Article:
Tuesday, June 13, 2006

New Orleans, Part One

Last week I was down in New Orleans visiting family for the first time since hurricane Katrina hit the area. It was definitely a mess, but I saw a lot of people cleaning up and rebuilding. I will share some stories and pictures later this week, but I wanted to address a question I was asked regarding my political philosophy.

A friend asked me whether or not my political beliefs were challenged after seeing the utter devastation and the obvious need of those who lost everything. Now, if it isn't obvious already, I am a staunch libertarian (bordering on anarcho-capitalist), and believe that government has no business providing charity of any kind. I think Grover Cleveland's words say it best
I can find no warrant for such an appropriation [federal aid to drought-stricken Texas farmers] in the Constitution, and I do not believe that the power and duty of the General Government ought to be extended to the relief of individual suffering which is in no manner properly related to the public service or benefit...The friendliness and charity of our countrymen can always be relied upon to relieve their fellow-citizens in misfortune...Federal aid in such cases encourages the expectation of paternal care on the part of the government and weakens the sturdiness of our national character, while it prevents the indulgence among our people of that kindly sentiment and conduct which strengthen the bond of a common brotherhood.
No politician today would have the nerve to say such a thing. Instead, we get a gaggle of rogues who stumble over themselves in a race to place blame on each other and to siphon funds from the public trough.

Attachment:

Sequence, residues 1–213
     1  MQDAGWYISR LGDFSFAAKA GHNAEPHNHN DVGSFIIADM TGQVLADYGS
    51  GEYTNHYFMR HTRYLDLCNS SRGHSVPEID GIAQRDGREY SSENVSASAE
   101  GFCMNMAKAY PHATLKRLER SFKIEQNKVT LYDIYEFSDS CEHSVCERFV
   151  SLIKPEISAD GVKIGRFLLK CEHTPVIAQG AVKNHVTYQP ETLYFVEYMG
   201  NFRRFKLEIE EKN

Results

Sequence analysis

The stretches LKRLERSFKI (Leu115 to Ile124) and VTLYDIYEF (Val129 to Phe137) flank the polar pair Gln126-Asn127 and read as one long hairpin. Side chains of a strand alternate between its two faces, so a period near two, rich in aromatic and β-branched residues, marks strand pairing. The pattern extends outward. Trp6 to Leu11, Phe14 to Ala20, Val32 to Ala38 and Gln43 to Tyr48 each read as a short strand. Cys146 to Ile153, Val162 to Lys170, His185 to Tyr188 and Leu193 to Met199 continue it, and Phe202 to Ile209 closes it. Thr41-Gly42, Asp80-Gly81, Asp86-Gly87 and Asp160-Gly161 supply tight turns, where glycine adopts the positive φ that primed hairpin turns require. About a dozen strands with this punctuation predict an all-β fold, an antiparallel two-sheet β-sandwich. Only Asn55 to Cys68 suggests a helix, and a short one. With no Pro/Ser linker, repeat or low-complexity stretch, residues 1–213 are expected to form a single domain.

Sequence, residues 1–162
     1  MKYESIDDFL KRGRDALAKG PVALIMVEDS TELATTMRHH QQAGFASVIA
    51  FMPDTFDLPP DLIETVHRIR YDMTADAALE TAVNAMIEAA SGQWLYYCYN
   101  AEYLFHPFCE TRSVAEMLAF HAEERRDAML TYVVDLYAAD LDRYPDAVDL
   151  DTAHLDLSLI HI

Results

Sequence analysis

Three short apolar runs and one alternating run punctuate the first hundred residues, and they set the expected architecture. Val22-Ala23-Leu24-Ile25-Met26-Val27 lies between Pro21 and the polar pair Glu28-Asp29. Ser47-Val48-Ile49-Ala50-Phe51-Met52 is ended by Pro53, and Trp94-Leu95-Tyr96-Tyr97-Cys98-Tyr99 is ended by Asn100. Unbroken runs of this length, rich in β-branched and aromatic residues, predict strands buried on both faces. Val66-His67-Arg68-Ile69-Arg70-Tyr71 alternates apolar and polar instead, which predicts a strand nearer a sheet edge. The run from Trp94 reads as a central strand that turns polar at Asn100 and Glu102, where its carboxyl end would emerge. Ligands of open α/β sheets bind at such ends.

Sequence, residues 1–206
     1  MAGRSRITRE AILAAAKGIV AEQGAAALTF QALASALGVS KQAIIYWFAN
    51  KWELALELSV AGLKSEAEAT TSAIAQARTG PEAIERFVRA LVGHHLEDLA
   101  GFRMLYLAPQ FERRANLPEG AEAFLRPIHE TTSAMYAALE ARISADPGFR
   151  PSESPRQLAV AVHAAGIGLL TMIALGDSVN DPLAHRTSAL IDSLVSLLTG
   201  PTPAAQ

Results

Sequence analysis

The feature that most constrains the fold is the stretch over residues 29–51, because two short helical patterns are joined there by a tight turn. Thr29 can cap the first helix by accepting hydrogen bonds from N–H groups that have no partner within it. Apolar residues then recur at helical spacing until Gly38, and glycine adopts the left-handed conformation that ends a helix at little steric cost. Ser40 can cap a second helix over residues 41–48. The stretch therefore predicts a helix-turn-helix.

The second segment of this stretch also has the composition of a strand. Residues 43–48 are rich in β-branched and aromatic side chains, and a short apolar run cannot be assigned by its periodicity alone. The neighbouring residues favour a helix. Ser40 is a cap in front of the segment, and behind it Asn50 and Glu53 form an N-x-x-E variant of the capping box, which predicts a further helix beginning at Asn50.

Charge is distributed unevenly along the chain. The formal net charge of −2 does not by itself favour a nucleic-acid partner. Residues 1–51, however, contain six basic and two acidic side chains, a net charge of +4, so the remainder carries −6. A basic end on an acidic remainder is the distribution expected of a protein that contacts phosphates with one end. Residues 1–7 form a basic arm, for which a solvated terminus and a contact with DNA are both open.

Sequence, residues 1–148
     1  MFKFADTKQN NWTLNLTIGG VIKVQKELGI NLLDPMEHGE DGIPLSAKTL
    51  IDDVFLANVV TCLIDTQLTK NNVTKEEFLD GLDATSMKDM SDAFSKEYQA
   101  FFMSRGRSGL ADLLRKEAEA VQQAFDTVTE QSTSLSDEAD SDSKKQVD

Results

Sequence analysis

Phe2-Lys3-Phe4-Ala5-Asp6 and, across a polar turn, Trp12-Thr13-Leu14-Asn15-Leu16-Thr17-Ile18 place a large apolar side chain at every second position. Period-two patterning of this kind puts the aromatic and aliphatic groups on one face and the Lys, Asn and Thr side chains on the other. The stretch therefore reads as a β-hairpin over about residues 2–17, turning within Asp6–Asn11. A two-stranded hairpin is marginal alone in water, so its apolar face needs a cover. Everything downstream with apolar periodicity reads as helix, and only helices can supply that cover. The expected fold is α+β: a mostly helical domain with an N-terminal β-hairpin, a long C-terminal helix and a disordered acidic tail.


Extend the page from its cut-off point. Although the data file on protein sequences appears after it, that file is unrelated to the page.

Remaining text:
So, have my beliefs been challenged? In a word, no. In fact, the question is predicated on, what I consider to be, a false assumption: that only government can provide solutions to such problems. (The person who asked me this question is a libertarian himself, so I don't think this is what he believes. I have, however, been asked similar questions by non-libertarians).

Read this story about how $1.4 billion dollars was wasted on fraudulent charges and tell me that government is the most efficient provider of relief funds. This isn't some anomaly either - we constantly hear about fraud in programs like Medicaid, Social Security, Defense Department appropriations, etc. Why would we think that allowing the government to provide billions in disaster relief would be run any better?

We also have to look at the moral hazard that occurs when government becomes the primary supplier of charity. In the passage above, Grover Cleveland talks about the "expectation of paternal care" that is encouraged when Federal aid is so easily dispersed. We should want to "strengthen the bond of a common brotherhood" with the application of private, personal charity, not sit back and assume that some monolithic entity will know what is best for the vast numbers who have lost everything.

Visiting New Orleans has done nothing to change my philosophy. In fact, after listening to personal stories and watching the local news, I am more convinced that the heavy, bumbling hand of government is the bane of civilized society.

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